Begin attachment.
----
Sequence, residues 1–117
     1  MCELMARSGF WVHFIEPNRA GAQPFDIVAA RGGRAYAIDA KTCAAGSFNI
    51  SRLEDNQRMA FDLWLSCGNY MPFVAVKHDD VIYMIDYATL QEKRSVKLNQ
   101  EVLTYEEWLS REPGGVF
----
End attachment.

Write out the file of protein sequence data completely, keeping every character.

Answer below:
Sequence, residues 1–117
     1  MCELMARSGF WVHFIEPNRA GAQPFDIVAA RGGRAYAIDA KTCAAGSFNI
    51  SRLEDNQRMA FDLWLSCGNY MPFVAVKHDD VIYMIDYATL QEKRSVKLNQ
   101  EVLTYEEWLS REPGGVF